Hendrick Motorsports has won the final stage in the NASCAR appeals process over a series of points deductions and crew suspensions levied on Jimmie Johnson's #48 team for rules infringements discovered in pre-practice technical inspection at Daytona in mid-February.
The final appeal, presided over by the series' chief appellate officer John Middlebrook, determined that the 25pt driver and team owner points penalties should be rescinded, and that there would be no suspensions for crew chief Chad Knaus or car chief Ron Malec.
"I'm glad this is over," said team owner Rick Hendrick. "I appreciate the fact that we had the opportunity to present all the facts. I'm happy with the outcome to see the points reinstated and Chad reinstated."
However, a $100,000 fine handed down to Knaus remains in place, as does the probation on Knaus and Medac through to May 9.
"I would have liked to have the fine gone, too, because I think there was no reason for any kind of penalty," continued Hendrick. "All I can tell you is by the rule book, the car was legal. I believe if that wasn't the case, we wouldn't have gotten this overturned."
"Obviously we're not happy with the fine, that's an awful lot of money for something that was obviously proved to be OK," agreed Knaus, who said that "it's not about vindication" and declared: "I felt like they made a mistake [with the original finding] ... It's over with. It's time to move on."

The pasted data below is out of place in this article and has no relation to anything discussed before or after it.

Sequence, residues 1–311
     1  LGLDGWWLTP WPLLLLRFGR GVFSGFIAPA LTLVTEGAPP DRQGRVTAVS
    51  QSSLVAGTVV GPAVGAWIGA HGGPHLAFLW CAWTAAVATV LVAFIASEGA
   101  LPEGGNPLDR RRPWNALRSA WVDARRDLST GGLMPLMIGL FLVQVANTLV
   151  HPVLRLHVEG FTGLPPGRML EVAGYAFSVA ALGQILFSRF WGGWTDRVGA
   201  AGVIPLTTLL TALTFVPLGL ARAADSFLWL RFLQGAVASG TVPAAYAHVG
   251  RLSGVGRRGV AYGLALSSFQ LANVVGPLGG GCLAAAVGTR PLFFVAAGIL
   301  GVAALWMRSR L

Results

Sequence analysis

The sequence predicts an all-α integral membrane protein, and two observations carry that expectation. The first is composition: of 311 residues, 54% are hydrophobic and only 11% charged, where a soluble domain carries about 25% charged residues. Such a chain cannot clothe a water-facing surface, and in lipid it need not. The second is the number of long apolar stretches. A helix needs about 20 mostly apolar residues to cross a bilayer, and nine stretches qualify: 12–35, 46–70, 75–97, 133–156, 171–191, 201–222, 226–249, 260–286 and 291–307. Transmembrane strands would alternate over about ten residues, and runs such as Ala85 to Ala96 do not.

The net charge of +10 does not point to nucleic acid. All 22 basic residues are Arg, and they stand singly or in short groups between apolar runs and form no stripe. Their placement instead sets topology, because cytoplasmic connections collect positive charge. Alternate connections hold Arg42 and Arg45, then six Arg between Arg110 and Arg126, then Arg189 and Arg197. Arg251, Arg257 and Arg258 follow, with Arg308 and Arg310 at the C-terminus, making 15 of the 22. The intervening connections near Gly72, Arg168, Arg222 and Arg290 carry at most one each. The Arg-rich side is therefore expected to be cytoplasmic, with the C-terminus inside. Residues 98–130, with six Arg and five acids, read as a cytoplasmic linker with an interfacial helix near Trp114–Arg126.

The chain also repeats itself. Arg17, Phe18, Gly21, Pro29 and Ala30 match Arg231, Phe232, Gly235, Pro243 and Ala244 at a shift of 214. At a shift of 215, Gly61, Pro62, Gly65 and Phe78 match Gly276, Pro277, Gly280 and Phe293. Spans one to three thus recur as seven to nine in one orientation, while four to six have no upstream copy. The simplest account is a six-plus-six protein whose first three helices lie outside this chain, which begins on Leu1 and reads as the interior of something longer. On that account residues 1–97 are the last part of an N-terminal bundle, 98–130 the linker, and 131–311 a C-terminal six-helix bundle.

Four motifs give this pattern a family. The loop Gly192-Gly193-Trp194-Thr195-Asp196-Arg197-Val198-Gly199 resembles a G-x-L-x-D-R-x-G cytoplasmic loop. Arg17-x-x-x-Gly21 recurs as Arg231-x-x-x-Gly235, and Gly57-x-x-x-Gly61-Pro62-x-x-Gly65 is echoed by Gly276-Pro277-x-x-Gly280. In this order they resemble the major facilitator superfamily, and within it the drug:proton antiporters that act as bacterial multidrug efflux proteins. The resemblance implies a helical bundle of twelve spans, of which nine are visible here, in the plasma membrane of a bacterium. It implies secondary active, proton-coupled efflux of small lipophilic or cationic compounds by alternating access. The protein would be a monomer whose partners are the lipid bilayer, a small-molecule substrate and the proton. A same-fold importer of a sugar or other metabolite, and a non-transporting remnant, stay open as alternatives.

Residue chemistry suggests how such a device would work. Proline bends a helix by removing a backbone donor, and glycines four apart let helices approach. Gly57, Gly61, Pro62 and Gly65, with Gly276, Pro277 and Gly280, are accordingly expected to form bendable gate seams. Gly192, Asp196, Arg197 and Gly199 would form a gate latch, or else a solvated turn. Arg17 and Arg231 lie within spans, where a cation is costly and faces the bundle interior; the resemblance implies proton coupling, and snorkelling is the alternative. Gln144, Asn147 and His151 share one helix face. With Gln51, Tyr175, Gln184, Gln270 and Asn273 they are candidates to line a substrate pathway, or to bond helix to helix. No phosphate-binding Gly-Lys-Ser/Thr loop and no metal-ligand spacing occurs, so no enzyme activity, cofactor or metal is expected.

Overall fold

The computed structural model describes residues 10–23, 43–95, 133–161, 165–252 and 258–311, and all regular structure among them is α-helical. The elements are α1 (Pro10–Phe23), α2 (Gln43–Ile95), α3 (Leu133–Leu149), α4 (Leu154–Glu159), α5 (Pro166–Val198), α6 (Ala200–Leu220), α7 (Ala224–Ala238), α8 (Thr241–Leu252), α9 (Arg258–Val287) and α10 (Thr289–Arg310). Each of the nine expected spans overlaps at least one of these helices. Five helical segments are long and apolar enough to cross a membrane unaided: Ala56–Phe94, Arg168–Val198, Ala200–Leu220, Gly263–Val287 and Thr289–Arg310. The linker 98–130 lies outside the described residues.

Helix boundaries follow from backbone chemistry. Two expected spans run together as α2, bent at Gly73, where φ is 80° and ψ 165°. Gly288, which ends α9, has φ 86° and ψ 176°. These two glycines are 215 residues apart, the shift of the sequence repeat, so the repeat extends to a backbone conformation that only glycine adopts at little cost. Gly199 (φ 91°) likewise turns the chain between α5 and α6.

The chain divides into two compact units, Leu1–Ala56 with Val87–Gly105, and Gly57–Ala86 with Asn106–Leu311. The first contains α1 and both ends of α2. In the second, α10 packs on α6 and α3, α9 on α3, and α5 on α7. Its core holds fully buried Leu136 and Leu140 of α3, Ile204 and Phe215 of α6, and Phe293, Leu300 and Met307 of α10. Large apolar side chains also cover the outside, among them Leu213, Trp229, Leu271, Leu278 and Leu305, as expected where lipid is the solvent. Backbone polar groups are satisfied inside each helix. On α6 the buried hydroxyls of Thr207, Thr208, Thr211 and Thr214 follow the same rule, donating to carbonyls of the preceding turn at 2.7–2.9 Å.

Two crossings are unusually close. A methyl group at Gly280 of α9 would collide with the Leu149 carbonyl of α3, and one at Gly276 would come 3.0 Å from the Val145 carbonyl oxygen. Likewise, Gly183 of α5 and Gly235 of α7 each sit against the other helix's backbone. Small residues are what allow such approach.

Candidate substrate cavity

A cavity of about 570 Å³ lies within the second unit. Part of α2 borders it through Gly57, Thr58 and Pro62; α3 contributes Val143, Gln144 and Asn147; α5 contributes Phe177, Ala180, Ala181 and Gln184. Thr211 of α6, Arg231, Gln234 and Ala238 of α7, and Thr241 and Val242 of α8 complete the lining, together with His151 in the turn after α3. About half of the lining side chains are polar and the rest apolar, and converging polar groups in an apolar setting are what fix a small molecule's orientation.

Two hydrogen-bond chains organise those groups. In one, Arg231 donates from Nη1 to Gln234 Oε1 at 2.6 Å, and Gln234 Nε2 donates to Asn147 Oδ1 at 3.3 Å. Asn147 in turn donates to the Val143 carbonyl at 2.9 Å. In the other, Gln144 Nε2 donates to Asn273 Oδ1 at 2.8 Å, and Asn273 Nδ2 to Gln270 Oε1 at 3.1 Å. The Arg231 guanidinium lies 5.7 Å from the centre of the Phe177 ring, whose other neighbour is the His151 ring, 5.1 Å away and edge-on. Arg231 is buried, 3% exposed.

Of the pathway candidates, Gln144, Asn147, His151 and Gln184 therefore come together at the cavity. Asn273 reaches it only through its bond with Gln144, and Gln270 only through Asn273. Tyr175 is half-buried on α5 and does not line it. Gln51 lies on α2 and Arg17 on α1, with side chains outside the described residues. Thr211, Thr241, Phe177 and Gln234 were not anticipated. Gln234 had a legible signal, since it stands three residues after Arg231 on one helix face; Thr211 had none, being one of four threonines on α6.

The stunning reversal came exactly a week after the three-man National Stock Car Racing Appeals Panel unanimously upheld the original penalties. The official notification from Middlebrook did not give any immediate reasons behind the decision that had been handed down, and he did not make any media appearances.
The modifications at issue were to the so-called C-posts or pillars that join the roof of the car to the main deck. Since they can be used to help direct the airflow onto the rear spoiler of the car, an aerodynamic advantage can be achieved by changes to this part of the bodywork.
However, Knaus and Hendrick insisted that no such modifications have been made to the car since it last passed scrutineering multiple times at the end of 2011, and they had documented affidavits to support the claim.
The team additionally took issue with the way that race officials at Daytona deemed the C-posts illegal without taking detailed measurements or making reference to equivalent standard template parts. They also pointed out that 20 other teams with issues during scrutineering were allowed to take the car back, in three cases even grinding down C-posts to meet compliance before resubmitting the cars for approval; whereas in the case of the #48 the C-posts were immediately cut off the car and confiscated, with penalties.